Focus school: Western International School of Shanghai

Submitted by: Nigel Pritchard
Date: February 2023
Photos courtesy of Nigel Pritchard

The Western International School of Shanghai (WISS) is the only full continuum IB World School in mainland China delivering all four programmes of the International Baccalaureate (IB): the Primary Years Programme (PYP), the Middle Years Programme (MYP), the Diploma Programme (DP), and the Career-related Programme (CP).

WISS, as a community of learners, is committed to pedagogies based on current research and practices in education. From its inaugural year in 2006, WISS has been an environment where the importance of students’ first language as being vital to developing English skills and deepening conceptual understandings has been central to classroom practices. Previously, whilst much hard work went in to creating ‘in-house’ English language assessments, there was a desire to move towards a systematic form of assessment that would provide specific data in the four language domains. This aspiration to improve upon our practices and systems led us to WIDA.

three teachers working on a project at a table

Our introduction to WIDA started with the EAL team attending a WIDA Symposium in Bangkok, in 2016, that focused on an introduction to the WIDA English Language Development Standards Framework and WIDA MODEL assessment for EAL students. We did an introduction to WIDA via a whole PYP session soon after attending the Symposium. The head of EAL introduces all new PYP staff members to WIDA Performance Definitions and Can Do Descriptors at the start of each academic school year during orientation. Our initial use of the WIDA MODEL assessment was to ascertain which students would attend our English for Beginners classes and which students would be in receipt of push-in support within their homeroom classes. The EAL team tested all students, from kindergarten to grade 5, who had English as a second or other language. This enabled us to have data for all language domains and to see the range of English proficiency levels.

Within the EAL team, we proceeded to familiarise ourselves with the WIDA data and the use of the Can Do Descriptors. Once we started collecting data, this enabled us to “build upon best practices and we soon realised that WIDA is so much more than a tool for assessment – it provides foundations to build a systematic approach to supporting multilingual learners,” said Lisa Ellery, primary principal.

Aside from identifying students for the English for Beginner classes we also used WIDA data and resources to target specific support for other multilingual learners, such as students who may have plateaued with their English language development.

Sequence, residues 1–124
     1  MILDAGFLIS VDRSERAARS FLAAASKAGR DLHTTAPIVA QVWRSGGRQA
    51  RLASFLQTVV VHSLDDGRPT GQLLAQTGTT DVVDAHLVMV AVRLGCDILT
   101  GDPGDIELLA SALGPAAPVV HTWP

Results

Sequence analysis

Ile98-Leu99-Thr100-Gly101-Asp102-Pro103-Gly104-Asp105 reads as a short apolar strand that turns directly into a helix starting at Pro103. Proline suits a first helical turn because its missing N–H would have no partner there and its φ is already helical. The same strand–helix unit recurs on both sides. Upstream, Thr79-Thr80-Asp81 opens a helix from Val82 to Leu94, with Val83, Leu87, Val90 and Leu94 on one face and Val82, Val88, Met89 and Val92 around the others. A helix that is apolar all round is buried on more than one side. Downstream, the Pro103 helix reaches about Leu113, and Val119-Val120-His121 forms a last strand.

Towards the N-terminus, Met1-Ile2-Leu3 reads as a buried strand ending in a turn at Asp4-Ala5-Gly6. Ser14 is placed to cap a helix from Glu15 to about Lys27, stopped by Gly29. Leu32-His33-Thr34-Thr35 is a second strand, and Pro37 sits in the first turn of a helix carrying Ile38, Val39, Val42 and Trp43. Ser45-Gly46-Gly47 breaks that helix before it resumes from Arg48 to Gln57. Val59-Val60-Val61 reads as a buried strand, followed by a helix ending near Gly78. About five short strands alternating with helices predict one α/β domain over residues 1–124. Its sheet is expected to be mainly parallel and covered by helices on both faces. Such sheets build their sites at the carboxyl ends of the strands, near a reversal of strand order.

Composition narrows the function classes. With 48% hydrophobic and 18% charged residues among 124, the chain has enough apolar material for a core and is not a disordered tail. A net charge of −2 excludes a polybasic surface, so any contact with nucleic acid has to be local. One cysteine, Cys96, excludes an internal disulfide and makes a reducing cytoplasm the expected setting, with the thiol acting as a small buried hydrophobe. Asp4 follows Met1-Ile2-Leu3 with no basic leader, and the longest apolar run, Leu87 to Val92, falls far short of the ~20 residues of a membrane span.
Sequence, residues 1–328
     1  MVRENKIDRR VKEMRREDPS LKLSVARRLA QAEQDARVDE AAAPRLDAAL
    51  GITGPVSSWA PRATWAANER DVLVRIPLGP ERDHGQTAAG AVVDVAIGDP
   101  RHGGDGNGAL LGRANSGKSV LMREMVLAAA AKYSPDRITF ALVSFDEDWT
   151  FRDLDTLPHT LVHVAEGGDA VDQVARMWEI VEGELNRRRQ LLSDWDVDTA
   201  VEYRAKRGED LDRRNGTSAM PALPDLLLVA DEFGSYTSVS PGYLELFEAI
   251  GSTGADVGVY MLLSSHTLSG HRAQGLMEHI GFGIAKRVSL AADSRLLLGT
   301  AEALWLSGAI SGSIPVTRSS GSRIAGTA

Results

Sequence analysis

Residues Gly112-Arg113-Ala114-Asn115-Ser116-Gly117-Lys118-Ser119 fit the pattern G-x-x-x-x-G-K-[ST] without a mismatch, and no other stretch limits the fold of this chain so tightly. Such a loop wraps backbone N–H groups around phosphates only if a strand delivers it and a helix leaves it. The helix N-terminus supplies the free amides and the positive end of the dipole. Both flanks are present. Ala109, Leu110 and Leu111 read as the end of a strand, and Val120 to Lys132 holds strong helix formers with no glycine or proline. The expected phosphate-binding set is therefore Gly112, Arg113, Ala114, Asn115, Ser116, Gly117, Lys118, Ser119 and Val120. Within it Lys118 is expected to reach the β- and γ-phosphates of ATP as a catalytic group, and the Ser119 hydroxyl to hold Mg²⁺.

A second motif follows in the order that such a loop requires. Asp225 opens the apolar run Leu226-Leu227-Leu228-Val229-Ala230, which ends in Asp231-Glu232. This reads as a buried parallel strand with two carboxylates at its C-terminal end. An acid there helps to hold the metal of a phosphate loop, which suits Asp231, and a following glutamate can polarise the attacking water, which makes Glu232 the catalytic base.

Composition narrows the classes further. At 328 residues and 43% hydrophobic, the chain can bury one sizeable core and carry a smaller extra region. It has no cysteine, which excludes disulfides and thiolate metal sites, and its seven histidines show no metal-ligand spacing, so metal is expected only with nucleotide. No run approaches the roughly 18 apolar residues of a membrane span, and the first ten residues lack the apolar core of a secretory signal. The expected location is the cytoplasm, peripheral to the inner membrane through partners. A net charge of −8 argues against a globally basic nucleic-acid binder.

The process of bringing all teachers on board with WIDA has been somewhat interrupted due to COVID-related school closures over last three years. However, the work has begun. Some grade levels and class teachers set professional goals for using WIDA. They worked with students at different levels of language capabilities, and then considered the assessment data and Can Do Descriptors. It has helped them to self-reflect on what they are already doing well and how they can improve upon differentiated and targeted content language support in the class for multilingual learners. In early years, “teachers have commented that WIDA has provided them with meaningful figures to help them plan more suitable curriculum for our multilingual children across different language levels,” said Charlotte Chan, early years English language development specialist.

The EAL team also participated in the WIDA Global Community of Practice, a year-long forum for innovation and reciprocal learning, focused on improving school-wide systems for multilingual learners. This involved reflecting on school-wide systems and then choosing an area of focus for taking action. For our multilingual learners, this led us to ‘Developing Language Profiles for Whole School Use.’ The EAL team developed an example of a unified process for collecting and tracking all forms of data as students move through different grades, in order to monitor progress over time and create a comprehensive language profile for each student.

two students working together at the classroom board

At present, there are more than 40 languages spoken at WISS. The commitment to embedding WIDA as part of our pedagogical practice and approaches has continued with EAL teachers and grade level leaders, from kindergarten to grade 5, taking part in the WIDA professional development workshop, Planning with English Language Development Standards. This has furthered our headway with ensuring that planning for language development is central to the curriculum, classroom instruction and forms of assessment.

At WISS, we are proud and committed to being part of the WIDA international community. A combination of professional development and use of WIDA resources has enabled us to better support our multilingual learners. We have made much progress but are always reflecting on how we can improve further. The work continues.

two students in classroom reading

Become a WIDA Member School

Join the WIDA International School Consortium, a global network of schools using WIDA resources and assessments to support multilingual learners.